Athlete’s foot is a contagious fungal infection that arises when the tinea fungus grows on the feet. Athlete’s foot can be acquired through contact – either with an infected person, or somewhere else the fungus is present (e.g. a shower.)
As with most infections, certain factors increase the risk of developing athlete’s foot, including:
- Not properly washing one’s feet
- Having sweaty feet
- Long periods of being wet
- Open wound exposure on the skin or nail
- Sharing clothing, shoes, or socks
- Walking barefoot around public places
Common symptoms of athlete’s foot include:
- Itchy blisters on the feet
- Nails that are powdery, discolored, and thick
- Dry skin on the soles and sides of the feet
- Burning, itching, and stinging between the toes and on the foot soles
- Cracking, drying, peeling skin
- Toenails that separate from the nail bed
Curing Athlete’s Foot
You can always go with a good anti-fungal foot powder or spray, but you don’t have to. Here are eight ways to cure your athlete’s foot naturally:
1. Apple Cider Vinegar And Crystal Salt
A mixture of apple cider vinegar (ACV) and Himalayan crystal salt creates a potent acidic substance that makes it impossible for the fungus to live.
To make a batch, mix ½ cup of ACV, two tablespoons of crystal salt, and warm water. Soak your feet for 10 to 15 minutes. When finished, dry your feet thoroughly with a clean towel.
2. Baking Soda
Baking soda is a miracle ingredient, so it isn’t surprising that it also kills athlete’s foot fungus. Also called sodium bicarbonate, baking soda is a natural antifungal and antibacterial.
To make a foot soak, combine a half cup of baking soda in a bucket of lukewarm water. Twice daily, soak your feet for 20 minutes. Towel dry thoroughly.
Garlic is another spice that has great antibacterial and antifungal properties. Studies demonstrate that garlic clove effectively kills a number of germs, including tinea pedis, the bacterium that causes athlete’s foot.
Mash three garlic cloves and stir them into a small tub of warm water. Soak your feet for a half an hour. Repeat once more during the evening hours for a week.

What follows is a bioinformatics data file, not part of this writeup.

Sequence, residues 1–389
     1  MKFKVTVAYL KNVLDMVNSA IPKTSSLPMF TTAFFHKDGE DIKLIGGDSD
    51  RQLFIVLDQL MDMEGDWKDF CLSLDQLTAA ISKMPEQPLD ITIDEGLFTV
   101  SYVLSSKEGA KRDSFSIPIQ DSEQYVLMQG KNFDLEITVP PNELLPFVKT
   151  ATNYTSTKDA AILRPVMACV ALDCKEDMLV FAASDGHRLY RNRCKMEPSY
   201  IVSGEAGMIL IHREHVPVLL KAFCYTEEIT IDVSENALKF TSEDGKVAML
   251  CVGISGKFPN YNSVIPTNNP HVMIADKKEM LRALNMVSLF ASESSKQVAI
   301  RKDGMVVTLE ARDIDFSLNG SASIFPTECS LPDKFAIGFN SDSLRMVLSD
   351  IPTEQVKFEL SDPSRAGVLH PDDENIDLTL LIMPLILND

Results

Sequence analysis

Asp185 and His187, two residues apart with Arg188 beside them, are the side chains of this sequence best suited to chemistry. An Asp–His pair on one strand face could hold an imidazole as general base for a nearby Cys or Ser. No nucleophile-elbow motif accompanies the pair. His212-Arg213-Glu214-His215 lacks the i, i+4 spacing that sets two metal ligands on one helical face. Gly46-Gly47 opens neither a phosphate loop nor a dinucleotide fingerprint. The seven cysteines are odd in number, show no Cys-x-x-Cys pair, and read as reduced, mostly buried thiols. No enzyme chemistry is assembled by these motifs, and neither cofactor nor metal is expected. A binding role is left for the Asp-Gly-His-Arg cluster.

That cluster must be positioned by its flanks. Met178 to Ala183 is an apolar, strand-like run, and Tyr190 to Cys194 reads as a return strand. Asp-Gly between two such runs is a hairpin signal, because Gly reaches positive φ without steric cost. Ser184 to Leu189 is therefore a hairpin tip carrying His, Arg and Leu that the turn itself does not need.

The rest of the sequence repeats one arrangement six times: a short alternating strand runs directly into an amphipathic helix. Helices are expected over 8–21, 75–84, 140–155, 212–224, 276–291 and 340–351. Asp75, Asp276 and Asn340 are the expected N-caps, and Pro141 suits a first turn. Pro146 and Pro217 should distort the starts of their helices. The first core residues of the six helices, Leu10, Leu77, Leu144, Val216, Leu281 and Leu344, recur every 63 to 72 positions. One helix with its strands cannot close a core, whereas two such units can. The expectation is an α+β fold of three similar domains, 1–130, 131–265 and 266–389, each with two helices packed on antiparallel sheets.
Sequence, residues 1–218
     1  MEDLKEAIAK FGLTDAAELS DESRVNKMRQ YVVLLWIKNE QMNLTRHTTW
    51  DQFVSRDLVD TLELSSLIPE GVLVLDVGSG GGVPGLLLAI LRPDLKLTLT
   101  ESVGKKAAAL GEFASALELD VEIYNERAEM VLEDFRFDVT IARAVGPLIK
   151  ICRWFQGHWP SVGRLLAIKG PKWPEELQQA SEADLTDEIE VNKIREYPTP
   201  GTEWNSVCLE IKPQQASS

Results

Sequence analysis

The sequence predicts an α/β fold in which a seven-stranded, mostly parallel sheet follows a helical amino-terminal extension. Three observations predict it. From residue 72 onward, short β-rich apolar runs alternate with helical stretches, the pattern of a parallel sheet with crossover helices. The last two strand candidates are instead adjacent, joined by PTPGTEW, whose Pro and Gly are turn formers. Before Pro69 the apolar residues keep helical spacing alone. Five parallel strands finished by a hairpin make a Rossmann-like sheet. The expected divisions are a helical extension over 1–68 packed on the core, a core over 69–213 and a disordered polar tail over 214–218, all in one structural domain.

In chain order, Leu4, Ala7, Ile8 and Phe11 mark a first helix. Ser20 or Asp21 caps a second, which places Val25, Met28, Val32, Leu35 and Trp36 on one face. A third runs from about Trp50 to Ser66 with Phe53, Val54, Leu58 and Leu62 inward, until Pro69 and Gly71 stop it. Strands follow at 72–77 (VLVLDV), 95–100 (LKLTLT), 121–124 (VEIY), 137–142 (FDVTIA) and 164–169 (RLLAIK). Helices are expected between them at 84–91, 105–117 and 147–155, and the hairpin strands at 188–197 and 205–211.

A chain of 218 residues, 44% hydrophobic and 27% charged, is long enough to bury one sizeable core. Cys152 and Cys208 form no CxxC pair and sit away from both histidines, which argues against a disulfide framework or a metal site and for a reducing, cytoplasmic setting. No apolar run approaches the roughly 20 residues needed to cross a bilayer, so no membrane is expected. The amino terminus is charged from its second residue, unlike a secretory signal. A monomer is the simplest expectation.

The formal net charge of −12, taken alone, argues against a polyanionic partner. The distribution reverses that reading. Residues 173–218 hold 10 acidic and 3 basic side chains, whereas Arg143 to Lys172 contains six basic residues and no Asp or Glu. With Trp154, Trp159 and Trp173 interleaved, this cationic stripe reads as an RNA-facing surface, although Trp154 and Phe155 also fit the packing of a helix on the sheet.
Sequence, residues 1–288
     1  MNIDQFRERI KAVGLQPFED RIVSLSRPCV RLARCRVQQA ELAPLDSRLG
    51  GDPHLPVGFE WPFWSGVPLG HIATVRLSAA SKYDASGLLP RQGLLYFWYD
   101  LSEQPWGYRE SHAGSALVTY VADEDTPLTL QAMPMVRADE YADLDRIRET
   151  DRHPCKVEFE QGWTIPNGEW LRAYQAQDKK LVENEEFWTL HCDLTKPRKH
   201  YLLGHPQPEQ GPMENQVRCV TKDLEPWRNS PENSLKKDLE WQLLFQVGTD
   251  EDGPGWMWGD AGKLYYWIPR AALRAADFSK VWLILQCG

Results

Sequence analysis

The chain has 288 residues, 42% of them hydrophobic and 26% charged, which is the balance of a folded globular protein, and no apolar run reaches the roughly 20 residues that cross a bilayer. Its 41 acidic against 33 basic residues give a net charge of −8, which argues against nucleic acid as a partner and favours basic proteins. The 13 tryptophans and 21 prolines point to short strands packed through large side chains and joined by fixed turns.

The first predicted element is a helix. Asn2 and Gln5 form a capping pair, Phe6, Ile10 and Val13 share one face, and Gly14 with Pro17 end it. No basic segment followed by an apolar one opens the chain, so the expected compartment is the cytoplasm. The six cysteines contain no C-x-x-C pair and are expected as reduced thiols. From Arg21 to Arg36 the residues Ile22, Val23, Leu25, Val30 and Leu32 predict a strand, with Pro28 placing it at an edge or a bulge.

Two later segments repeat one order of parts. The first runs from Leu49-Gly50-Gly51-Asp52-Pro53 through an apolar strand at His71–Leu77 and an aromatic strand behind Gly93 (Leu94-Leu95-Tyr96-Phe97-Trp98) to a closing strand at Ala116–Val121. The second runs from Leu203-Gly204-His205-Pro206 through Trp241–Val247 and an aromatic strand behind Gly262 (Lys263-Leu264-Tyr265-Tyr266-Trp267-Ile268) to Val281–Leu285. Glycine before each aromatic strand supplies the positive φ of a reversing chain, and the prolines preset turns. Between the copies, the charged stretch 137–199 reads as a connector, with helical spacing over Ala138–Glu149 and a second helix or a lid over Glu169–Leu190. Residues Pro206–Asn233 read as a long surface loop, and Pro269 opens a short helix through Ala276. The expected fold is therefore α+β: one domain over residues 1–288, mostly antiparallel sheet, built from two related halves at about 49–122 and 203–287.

4. Green Tea
In a promising 12-week study, researchers found that patients with athlete’s foot who soaked their feet in a water and green tea extract solution showed “significantly better” results than those who did a water-only soak.
Brew up some green tea and let it cool. Soak for about 10 minutes once a day.
5. Hydrogen Peroxide
Hydrogen peroxide kills bacteria and fungus with ease. Because of the potent chemical makeup of hydrogen peroxide, it is advisable to mix the solution with water. Also, if you have open sores or cuts on your feet, be aware that submersion in hydrogen peroxide will probably sting.
Combine hydrogen peroxide with a small tub of lukewarm water. The mix should be about 70 percent peroxide and 30 percent water.
6. Open-Style Shoes
No real magic here; moisture and humidity allow bacteria and fungus to thrive. Wearing open-toed shoes (e.g. sandals or flip-flops) will help with this.
If you must wear business shoes at work, don’t wear tight-fitting shoes. The same goes for casual footwear.
7. Plain Yogurt
Plain yogurt contains the acidophilus bacteria, considered by some as an “instant remedy” for athlete’s foot. While this is debatable, plain yogurt is a good choice nonetheless.
Plain yogurt provides a potent antidote against proliferating foot fungus. Simply dip your (clean!) finger in some yo-go and apply to the affected areas. Allow the product to dry, rinse, and dry your feet thoroughly.
8. Tea Tree Oil
WebMD states that tea tree oil may provide some relief for athlete’s foot. The topical application of a 10% tea tree oil cream helps relieve symptoms such as “scaling inflammation, itching and burning.” A tea tree oil solution with a concentration of 25 to 50 percent seems to clear up athlete’s foot for about half of those who apply it for a period of four weeks.
Another option is to mix 40 drops of essential tea tree oil in a tub of water and soak for 10 minutes. Optional: after drying the feet, apply a few drops directly onto the affected area.
Preventing Athlete’s Foot
Here are a few good tips for preventing athlete’s foot:
- Keep your feet dry whenever possible
- Avoid submerging your skin for too long
- Towel dry your feet thoroughly after showering
- Always wear flip-flops or other footwear in community areas
- Use anti-fungal powder after washing your feet
- Keep your socks and shoes clean (foot powder helps)
- Don’t share clothing, especially socks or footwear
- Wash your feet thoroughly, especially between the toes
- Take off your shoes whenever possible
If you notice any strange-appearing skin, apply anti-fungal spray or cream immediately.